$Q(CAP,t,n)= \omega_{eff(n)}(\omega_{gcap(n)}Q(GCAP,t,n)^{\rho_{cap}}+ (1-\omega_{gcap(n)})K(SCAP,t,n)^{\rho_{cap}})^{\frac{1}{\rho_{cap}}}$

Generic capacity is exogenous and grows at the growth rate of total factor productivity, $$tfp_y(t,n)$$. The initial level is given by the 2005 average stock of knowledge (R&D) and human capital (EDU):

$Q(GCAP,t,n)= \frac{k0(R\&D,n)+k0(EDU,n)}{2}tfp_y(t,n)$

The human capital and R&D stock are exogenous and have been computed using the expenditure in total R&D (or education) from the World Development Indicators (2008). The R&D stock is not linked to the energy R&D investments, which instead are endogenous.

Specific adaptive capacity accounts for the investments dedicated to facilitate adaptation activities, such as improvement of meteorological services, early warning systems, the development of climate modelling and impact assessments. Specific capacity and proactive adaptation are stocks that accumulate following the standard perpetual rule:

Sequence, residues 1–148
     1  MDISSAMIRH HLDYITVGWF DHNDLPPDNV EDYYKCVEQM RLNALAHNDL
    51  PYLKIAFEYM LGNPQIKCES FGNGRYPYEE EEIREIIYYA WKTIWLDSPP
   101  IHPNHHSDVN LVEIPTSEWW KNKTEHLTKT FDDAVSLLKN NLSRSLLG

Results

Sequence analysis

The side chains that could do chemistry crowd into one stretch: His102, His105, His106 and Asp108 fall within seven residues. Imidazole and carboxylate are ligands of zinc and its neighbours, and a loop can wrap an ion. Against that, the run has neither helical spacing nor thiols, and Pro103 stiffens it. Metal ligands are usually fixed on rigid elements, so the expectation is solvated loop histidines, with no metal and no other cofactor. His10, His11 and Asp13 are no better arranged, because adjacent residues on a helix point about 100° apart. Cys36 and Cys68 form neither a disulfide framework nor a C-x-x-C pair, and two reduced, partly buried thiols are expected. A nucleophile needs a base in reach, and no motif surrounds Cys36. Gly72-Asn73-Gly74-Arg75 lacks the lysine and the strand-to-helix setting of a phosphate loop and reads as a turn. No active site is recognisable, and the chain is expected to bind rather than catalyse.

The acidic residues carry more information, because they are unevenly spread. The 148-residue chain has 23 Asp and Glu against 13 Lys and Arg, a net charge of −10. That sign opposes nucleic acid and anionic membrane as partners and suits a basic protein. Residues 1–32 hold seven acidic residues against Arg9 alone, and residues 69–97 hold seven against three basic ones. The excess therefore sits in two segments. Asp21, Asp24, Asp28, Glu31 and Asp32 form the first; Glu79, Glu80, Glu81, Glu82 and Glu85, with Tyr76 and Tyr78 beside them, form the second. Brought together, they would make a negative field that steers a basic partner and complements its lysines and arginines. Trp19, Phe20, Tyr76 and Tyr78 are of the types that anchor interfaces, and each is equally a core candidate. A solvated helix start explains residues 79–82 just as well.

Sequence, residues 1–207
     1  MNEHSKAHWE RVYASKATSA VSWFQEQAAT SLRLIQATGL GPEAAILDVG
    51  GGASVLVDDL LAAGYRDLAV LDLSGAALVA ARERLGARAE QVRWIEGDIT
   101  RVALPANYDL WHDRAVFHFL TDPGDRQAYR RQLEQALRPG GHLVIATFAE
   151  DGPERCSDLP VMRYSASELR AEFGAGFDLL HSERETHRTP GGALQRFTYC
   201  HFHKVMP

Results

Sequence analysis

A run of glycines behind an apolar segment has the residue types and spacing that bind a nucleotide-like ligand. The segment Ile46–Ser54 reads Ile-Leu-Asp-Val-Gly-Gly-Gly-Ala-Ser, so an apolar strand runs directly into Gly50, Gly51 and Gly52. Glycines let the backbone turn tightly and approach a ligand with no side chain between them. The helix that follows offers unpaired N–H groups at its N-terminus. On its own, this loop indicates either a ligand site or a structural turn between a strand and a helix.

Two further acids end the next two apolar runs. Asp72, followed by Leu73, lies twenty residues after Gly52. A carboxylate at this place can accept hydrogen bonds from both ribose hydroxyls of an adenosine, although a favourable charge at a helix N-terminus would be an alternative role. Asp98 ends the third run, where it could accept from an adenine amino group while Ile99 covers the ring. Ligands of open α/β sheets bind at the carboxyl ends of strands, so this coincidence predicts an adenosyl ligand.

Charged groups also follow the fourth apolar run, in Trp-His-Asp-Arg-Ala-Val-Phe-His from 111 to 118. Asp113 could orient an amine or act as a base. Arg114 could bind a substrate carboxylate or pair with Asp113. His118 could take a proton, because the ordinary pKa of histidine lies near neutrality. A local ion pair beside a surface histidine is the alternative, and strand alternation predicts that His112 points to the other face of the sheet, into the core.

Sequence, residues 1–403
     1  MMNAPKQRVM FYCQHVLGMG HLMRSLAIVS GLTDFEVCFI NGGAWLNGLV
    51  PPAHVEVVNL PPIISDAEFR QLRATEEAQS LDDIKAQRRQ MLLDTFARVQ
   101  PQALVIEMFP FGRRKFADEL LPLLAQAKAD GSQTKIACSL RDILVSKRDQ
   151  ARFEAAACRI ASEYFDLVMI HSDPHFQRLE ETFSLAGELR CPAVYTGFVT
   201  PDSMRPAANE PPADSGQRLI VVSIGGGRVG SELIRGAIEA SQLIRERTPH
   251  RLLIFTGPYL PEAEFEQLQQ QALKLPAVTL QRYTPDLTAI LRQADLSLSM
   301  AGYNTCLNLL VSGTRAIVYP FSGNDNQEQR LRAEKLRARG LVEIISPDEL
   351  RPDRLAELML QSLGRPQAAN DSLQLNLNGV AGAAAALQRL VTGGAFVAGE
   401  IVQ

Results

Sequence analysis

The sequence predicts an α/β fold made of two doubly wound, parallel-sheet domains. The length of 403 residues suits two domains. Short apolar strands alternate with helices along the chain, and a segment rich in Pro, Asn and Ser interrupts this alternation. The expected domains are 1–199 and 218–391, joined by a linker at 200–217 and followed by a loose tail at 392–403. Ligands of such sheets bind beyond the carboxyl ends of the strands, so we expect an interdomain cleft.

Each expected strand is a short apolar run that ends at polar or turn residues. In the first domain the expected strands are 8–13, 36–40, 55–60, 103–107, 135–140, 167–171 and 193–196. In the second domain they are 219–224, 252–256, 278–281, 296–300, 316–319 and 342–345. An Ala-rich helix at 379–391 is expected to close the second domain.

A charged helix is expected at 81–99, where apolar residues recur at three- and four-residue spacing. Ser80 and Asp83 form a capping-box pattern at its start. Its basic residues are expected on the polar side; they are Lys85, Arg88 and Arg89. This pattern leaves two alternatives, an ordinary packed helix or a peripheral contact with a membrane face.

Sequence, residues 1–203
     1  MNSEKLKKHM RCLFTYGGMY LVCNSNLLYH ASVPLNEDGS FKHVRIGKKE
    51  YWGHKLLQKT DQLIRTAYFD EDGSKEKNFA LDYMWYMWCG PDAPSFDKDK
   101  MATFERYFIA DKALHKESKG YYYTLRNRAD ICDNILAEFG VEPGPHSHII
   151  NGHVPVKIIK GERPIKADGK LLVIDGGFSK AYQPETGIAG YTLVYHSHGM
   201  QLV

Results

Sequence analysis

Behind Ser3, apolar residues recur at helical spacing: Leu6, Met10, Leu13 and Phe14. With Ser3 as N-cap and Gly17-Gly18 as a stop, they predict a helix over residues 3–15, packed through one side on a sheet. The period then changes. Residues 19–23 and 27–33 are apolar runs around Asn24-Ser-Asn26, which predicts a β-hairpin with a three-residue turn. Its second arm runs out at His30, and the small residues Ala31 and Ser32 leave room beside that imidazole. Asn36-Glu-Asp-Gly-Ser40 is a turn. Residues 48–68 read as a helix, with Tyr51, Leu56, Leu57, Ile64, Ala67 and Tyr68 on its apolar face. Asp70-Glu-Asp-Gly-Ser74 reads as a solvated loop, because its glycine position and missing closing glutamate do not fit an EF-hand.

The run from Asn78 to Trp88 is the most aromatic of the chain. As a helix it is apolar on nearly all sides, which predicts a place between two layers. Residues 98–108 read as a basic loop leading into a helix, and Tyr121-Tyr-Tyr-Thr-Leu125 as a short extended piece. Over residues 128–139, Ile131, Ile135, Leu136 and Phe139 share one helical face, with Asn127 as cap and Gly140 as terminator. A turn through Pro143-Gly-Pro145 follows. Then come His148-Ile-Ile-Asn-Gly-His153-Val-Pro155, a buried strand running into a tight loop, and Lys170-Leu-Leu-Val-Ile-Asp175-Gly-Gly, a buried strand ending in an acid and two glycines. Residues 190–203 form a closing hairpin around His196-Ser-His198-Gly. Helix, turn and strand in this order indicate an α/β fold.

$K(SCAP,t,n+1) = K(SCAP,t,n+1)(1-\delta_{SCAP})^{\Delta_{\text{t}}} +\Delta_{\text{t}} I(SCAP,t,n)$

$K(PRADA,t,n+1) = K(PRADA,t,n+1)(1-\delta_{PRADA})^{\Delta_{\text{t}}} + \Delta_{\text{t}} I(PRADA,t,n)$

The depreciation rate for proactive adaptation ($$\delta_{PRADA}$$) is 10% and the depreciation rate for specific adaptive capacity is 3%. All forms of adaptation expenditure reduce the resources available for other uses and are subtracted from the budget constraint, see the chapter Economy.

Table 6.1 defines the main variables of the adaptation module.

Symbol Definition GAMS Unit
$$I_{PRADA}(t,n)$$ Investment in proactive adaptation I(‘PRADA’,t,n) T$$$I_{SCAP}(t,n)$$ Investment in specific ad. capacity I(‘SCAP’,t,n) T$